I see myself as a “literary archaeologist.” No field work is required. The purpose of this self appointed and non-existent discipline is to marry two fields which do not cooperate very well with each other: archaeology and literary studies. The texts are historical artifacts and must be treated as such.
By profession I am a Linux kernel and device driver software developer. You will find my most successful project at www.RapidDisk.org. When I am not overwhelmed with being a good husband and an excellent father, and during the little free time I may have, I enjoy immersing myself into topics of ancient history and theology. I am fluent in the language of Greek, and have been a student of Septuagintal Greek and Biblical Hebrew for quite some time; with additional knowledge in Aramaic, Ugaritic, and Akkadian grammar. My work focuses specifically on the Iron Age of both Mesopotamian and Levantine history and as of recent years, Late Bronze Age Greece, leading to a quest to find the origins of our history.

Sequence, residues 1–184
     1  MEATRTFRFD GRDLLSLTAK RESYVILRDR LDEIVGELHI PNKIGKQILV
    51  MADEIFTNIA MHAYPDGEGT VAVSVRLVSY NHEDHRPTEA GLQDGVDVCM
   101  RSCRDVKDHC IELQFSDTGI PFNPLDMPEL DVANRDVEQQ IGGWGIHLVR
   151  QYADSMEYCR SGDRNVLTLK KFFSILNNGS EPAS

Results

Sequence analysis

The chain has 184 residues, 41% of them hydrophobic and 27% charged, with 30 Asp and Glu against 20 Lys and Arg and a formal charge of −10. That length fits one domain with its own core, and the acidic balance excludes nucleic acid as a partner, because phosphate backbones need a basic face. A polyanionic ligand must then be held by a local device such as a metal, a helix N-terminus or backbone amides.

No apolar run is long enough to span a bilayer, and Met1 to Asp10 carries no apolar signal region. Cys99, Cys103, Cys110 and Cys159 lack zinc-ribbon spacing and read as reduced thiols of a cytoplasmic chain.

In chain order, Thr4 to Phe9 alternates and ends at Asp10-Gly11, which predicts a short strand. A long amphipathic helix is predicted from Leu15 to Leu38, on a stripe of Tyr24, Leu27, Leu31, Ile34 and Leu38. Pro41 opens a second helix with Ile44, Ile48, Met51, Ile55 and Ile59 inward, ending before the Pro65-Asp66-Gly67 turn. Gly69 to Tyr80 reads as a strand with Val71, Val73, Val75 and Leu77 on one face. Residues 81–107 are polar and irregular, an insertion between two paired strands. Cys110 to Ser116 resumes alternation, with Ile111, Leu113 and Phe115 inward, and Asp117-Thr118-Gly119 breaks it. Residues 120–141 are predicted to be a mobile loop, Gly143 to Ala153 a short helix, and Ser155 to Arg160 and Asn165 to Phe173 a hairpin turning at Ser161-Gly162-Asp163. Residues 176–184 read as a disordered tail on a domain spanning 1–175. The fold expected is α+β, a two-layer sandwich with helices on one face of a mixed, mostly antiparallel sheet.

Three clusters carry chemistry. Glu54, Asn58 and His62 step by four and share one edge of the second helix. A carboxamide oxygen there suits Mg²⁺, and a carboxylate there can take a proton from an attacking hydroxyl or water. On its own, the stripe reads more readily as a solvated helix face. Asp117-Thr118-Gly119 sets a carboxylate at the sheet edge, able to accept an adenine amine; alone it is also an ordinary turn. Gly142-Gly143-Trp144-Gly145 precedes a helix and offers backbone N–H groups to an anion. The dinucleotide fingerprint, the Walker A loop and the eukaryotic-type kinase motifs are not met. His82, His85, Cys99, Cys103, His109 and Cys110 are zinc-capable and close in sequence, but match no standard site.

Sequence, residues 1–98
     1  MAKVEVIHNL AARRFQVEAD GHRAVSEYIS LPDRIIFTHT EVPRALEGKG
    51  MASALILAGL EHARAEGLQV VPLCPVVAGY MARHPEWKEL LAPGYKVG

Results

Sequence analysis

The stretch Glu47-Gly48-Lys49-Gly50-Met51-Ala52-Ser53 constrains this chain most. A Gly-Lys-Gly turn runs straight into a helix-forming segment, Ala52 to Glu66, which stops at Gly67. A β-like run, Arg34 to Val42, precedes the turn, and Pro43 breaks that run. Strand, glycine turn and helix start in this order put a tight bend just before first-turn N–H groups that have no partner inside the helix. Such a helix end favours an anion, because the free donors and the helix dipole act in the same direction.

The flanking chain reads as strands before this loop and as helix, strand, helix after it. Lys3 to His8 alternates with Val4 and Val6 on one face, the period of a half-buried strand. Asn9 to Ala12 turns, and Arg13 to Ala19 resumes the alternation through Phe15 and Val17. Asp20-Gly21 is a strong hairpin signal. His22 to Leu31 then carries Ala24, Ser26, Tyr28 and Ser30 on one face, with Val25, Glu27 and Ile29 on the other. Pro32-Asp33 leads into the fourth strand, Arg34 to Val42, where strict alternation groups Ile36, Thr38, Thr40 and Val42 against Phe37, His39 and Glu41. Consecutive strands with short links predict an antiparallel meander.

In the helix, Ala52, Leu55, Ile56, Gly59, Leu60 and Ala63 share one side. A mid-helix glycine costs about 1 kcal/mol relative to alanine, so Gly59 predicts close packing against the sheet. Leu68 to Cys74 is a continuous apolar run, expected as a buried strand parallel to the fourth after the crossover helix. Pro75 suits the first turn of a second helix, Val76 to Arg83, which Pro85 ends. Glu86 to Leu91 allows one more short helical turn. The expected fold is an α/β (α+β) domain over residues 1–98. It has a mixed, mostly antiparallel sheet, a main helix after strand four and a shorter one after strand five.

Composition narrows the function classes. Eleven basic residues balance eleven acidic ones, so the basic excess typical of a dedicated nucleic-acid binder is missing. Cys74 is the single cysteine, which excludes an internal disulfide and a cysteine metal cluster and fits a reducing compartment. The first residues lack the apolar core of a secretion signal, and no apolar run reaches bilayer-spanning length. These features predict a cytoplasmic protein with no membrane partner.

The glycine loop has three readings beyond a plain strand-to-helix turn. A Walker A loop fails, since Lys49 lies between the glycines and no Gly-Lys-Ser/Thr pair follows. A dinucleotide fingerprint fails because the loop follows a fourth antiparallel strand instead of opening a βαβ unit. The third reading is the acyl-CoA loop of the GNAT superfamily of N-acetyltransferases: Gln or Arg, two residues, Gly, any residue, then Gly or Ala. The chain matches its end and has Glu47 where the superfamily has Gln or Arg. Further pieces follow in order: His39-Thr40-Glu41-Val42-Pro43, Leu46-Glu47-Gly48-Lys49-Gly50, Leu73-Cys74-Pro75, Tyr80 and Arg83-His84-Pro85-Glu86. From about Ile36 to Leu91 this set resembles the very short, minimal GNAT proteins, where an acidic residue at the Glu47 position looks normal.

In my latest historical published research, Biblical Origins: An Adopted Legacy (2008), I wrote of the already known Documentary Hypothesis and made a courageous attempt to place a clearer date to the writings under the author we refer to as the Yahwist (J). Confirmed by archaeology, the author referred to as J dates to the timeframe surrounding the reign of Hezekiah; specifically between 701 BCE to possibly the end of Hezekiah’s reign in 687 BCE. This was during the reign of Sennacherib, king of Assyria and the Neo-Assyrian Empire that controlled the Near East during this period.
I would like to give a special thanks to Graham Hancock and the entire staff over at Ancient Origins for giving not only me but also everyone else the opportunity to share their research and ideas on their websites and message boards. Without their help, my ideas would not have had the chance to reach a wider audience.
Feel free to contact me by e-mail: comments AT petroskoutoupis DOT com